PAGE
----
Saturdays have become an unexpectedly wonderful thing. A few months ago, Laurel signed up for Early Figure Skating, and her program included 8.15am Saturday morning On Ice, followed by 9.15am Off Ice (lots of jumping and stretching). I tried saying “You have a bike – deal with it”, but I just can’t be that ruthless, so every Saturday I rise, wake the Gruffalo who sleeps in Laurel’s bed, and grab my gym bag on the way out – well, if I have to be there, I might as well do myself some good.
Poirier Recreation Centre is pretty typical of the facilities in the Lower Mainland – a gym overlooking a pool, with 2 ice rinks and a curling rink attached. There’s a nice cafe and a bar upstairs (open for the Coquitlam Express hockey games), and a couple of small extra rooms you can rent for parties or meetings. The pool includes the usual sauna, steam room and hot tub, all included in the price of the ticket. I bought a 10-session pass for $60 which gives me access to gym and pool for as long as I like. During the winter I have plodded on my treadmill or eliptical trainer in front of the giant window overlooking the mountains, watching the rain, the snow, the occasional sun glitter off the frost, or the soap opera on the TV attached to the machine.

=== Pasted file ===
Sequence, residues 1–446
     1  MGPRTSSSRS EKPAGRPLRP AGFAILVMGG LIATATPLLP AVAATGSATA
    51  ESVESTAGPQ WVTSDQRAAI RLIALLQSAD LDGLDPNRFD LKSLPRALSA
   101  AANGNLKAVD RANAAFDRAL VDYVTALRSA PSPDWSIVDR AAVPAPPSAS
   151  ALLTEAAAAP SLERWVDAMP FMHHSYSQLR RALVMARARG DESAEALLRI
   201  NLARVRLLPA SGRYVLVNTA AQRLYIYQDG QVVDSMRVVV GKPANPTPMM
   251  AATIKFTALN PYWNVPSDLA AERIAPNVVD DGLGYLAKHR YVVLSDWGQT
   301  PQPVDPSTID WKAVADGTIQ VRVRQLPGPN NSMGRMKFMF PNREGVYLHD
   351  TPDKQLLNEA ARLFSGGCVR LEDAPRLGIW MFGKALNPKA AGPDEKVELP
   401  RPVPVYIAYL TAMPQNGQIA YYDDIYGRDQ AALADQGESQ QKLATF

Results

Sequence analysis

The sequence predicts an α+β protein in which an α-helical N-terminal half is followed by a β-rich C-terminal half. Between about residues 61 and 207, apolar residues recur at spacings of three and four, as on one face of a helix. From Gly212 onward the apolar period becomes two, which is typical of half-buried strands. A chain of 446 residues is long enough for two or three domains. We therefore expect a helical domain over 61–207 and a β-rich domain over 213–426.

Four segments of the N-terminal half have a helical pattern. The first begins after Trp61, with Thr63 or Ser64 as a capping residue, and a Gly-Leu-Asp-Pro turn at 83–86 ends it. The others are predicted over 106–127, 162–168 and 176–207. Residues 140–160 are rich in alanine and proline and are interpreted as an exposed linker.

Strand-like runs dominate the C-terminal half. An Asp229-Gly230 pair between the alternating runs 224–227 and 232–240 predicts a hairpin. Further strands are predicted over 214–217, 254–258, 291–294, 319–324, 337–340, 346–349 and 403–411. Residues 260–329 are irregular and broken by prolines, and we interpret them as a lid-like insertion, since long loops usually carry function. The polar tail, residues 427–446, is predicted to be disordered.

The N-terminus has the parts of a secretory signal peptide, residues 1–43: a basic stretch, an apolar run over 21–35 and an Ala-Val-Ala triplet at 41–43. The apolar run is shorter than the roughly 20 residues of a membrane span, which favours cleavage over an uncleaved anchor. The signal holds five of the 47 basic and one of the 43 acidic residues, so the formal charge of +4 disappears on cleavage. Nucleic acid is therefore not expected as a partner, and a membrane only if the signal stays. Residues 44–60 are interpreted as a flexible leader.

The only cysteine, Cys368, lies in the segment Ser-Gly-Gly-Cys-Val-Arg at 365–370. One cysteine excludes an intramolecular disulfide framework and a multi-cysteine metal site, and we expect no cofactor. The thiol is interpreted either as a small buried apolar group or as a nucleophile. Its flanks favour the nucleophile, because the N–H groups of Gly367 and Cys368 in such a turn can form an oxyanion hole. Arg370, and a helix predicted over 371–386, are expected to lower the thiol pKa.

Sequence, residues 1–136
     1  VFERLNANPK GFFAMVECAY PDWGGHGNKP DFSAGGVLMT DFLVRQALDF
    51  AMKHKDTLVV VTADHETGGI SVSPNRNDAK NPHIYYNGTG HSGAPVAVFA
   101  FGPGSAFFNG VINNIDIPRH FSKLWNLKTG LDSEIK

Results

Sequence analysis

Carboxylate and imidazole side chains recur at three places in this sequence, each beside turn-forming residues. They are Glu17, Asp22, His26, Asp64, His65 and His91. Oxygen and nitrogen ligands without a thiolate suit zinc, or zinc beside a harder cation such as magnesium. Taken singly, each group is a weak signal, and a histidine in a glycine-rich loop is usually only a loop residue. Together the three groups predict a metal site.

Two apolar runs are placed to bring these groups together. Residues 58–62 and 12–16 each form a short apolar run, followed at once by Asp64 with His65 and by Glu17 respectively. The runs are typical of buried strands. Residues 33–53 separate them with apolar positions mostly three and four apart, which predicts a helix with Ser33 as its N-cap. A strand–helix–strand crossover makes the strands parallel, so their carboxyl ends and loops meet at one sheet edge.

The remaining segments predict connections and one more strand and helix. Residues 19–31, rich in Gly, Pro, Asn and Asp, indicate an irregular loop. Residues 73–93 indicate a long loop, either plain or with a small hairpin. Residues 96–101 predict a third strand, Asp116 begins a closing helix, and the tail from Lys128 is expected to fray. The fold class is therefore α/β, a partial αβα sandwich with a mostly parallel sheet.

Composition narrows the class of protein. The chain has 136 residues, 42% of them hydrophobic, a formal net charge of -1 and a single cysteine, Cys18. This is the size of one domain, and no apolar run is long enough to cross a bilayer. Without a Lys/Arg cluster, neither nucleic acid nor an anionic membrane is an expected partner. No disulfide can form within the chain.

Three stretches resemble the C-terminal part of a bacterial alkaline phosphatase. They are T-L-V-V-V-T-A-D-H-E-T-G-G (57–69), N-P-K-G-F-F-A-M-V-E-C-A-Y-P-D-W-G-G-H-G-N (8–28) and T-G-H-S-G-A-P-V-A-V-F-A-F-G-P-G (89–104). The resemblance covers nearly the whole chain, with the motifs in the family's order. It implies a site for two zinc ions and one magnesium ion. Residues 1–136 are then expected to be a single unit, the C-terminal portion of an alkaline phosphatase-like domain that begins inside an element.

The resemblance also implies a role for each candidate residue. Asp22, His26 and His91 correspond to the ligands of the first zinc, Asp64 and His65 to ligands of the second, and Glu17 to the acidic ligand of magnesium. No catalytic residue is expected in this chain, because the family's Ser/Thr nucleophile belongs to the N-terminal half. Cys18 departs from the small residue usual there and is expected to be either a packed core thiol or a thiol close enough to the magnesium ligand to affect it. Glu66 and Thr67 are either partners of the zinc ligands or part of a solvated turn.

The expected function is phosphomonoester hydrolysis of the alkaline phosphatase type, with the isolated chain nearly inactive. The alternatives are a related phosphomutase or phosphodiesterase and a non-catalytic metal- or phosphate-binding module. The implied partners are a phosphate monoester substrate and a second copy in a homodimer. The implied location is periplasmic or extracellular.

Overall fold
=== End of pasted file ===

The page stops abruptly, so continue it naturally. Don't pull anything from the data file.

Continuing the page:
Now here’s the real reason I felt inspired to write. The Women’s Locker Room. Immediately I can feel the surge of imagination from both my readers – and you’re wrong. On Saturday mornings and, for all I know, at all other times, there are no cheerleaders in the Women’s Locker Room. What there is, is a communal facility (no cubicles here – if you want privacy, go to the Universal area and fight the families for a private space). Here we see all ages, all cultures, all shapes, all sizes, all looking after themselves in some way. Some of the older ladies like to wear what appears to be a nightdress in the pool, or sometimes long shorts and vests. This week I saw a woman sitting by the hot tub with a veil on her head. Baggy old swimming costumes cover baggy old bodies. In the showers, ladies of all ages and all conditions produce laundry baskets of products and scrub every inch of themselves, sitting naked on the tiles, doing their laundry whilst conditioning, moisturizing and exfoliating.
My very English daughters, always horrified when I embarrass them in public changing rooms by daring to actually get changed there, are speechless by this unselfconscious parade of physical difference. I hope they get used to it. I hope they see, as I do, the wonder of the human body in all its many forms and realize that this is why communal locker rooms are so valuable – can we teach our daughters that this is what women’s bodies are meant to do and meant to be – stretched and recovered, sagging and dimpled, scarred, tanned, mottled and faded? We are not all the same and very few of us are as freakishly thin or tall as super models, no matter how we diet, exercise or surgically alter, but we can look after ourselves. Not one of these people I meet on a Saturday is the same as another but we are joined in a common aim – we are at the Gym, and we are doing the best we can with what we have been given, and we are loving it.